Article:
Medical Malpractice Case Report: $650,000 settlement where unnecessary aortic valve replacement surgery performed on wrong patient
Firm partners John F. Eisberg and William J. Maddix of Robins, Kaplan, Miller & Ciresi, L.L.P. secured a medical malpractice settlement of $650,000 in a medical mistakes in surgery case after a healthy 69 year-old was given unnecessary aortic valve replacement surgery. Read the following Minnesota Association (MAJ) for Justice Minnesota Case Report:
D.M. was a healthy 69-year-old man with a physical job and enjoyment of biking and walking. His only known health issues were prostate cancer treated in 2003 with radiation therapy and longstanding, asymptomatic mitral valve regurgitation which was monitored with annual echocardiograms.
In 11/03, D.M. had his regular, annual echocardiogram. The test was sent to the Physician’s Clinic for interpretation. The report returned stating that DM had alarming findings of severe aortic valve disease. Urgent open heart surgery to replace this failing valve was recommended.
Open heart surgery took place on 12/30/03 but not without complications. Bleeding in the immediate recovery period required emergency re-operation. His sternum was fractured in multiple places. It would take months for these painful fractures to heal. DM could not return to work. A wound infection of the chest incision required antibiotics and messy dressing changes. Coumadin was prescribed indefinitely as is usual for patients with replaced valves.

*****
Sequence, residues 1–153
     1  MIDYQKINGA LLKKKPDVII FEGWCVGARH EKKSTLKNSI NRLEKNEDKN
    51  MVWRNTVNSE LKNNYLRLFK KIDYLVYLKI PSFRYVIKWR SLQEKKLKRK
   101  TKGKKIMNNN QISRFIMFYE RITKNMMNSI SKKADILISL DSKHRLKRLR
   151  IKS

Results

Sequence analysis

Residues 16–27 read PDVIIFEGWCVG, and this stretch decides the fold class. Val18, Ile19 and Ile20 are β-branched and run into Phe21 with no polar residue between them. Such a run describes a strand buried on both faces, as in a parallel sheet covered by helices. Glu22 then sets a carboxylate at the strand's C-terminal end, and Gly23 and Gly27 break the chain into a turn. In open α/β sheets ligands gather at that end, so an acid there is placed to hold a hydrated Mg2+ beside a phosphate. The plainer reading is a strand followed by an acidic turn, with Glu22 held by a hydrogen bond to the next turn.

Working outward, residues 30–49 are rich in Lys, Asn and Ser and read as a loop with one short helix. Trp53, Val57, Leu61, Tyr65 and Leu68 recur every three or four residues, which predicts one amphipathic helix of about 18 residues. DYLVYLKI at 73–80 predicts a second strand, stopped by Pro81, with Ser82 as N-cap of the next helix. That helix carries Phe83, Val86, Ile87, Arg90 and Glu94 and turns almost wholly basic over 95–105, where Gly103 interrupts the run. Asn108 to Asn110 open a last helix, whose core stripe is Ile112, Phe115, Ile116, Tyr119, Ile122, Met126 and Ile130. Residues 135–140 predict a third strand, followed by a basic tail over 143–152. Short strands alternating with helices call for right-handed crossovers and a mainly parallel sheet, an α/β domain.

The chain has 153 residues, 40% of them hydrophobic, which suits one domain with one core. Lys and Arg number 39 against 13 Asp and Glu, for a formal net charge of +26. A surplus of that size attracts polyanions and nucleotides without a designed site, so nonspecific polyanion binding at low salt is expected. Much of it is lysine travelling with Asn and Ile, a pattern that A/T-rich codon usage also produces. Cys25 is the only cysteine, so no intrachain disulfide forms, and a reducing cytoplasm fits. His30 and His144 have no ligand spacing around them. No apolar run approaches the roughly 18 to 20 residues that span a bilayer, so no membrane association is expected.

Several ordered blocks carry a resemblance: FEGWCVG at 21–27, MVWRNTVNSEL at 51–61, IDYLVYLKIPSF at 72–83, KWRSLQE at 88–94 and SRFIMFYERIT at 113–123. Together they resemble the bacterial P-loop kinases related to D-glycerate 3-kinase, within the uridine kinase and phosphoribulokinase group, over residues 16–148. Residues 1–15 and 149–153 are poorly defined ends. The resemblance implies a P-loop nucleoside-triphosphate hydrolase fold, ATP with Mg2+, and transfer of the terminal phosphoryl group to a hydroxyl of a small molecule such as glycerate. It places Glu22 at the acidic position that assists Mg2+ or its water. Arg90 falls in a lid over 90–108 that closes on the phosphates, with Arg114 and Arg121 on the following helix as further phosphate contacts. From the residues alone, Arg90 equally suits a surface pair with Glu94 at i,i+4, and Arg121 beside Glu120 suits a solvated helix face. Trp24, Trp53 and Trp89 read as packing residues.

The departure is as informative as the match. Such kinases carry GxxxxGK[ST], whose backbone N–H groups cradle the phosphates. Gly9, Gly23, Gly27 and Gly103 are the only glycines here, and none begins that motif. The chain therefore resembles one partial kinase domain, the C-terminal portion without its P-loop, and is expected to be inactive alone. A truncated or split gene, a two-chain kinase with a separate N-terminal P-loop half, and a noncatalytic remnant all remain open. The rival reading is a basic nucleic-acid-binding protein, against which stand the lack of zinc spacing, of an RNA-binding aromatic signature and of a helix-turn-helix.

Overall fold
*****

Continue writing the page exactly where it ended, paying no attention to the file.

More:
At D.M.’s first cardiology follow-up on 1/27/04, he was told that the open heart surgery was a mistake due to a mix-up in names on the echo-cardiogram report and transcription. D.M. and his new wife chose to move on with their lives despite the error and concentrate on D.M.’s recovery.
D.M. was recuperating slowly but surely until bleeding from his urinary tract began in 12/05. The cause was radiation induced changes to the bladder, radiation cystitis, a not uncommon side effect of his treatments. But the bleeding wouldn’t stop because of the Coumadin he was required to take after his valve replacement. After multiple procedures and attempts to stop the bleeding, D.M. was referred to a metropolitan hospital to try an unusual treatment to stop the bleeding: 40 treatments in a hyperbaric chamber were endured to enhance tissue growth. The bleeding continued. Ultimately it was decided that to stop the bleeding, D.M.’s Coumadin would have to be stopped despite the risk of stroke. This finally worked. DM continues to try and regain his strength and former lifestyle.
Defense counsel agreed that a hospital systems error, specifically a transcription error, resulted in D.M. being subjected to surgery on the basis of another patient’s diagnostic findings.
D.M. and wife v. Physician's Clinic
John F. Eisberg
William J. Maddix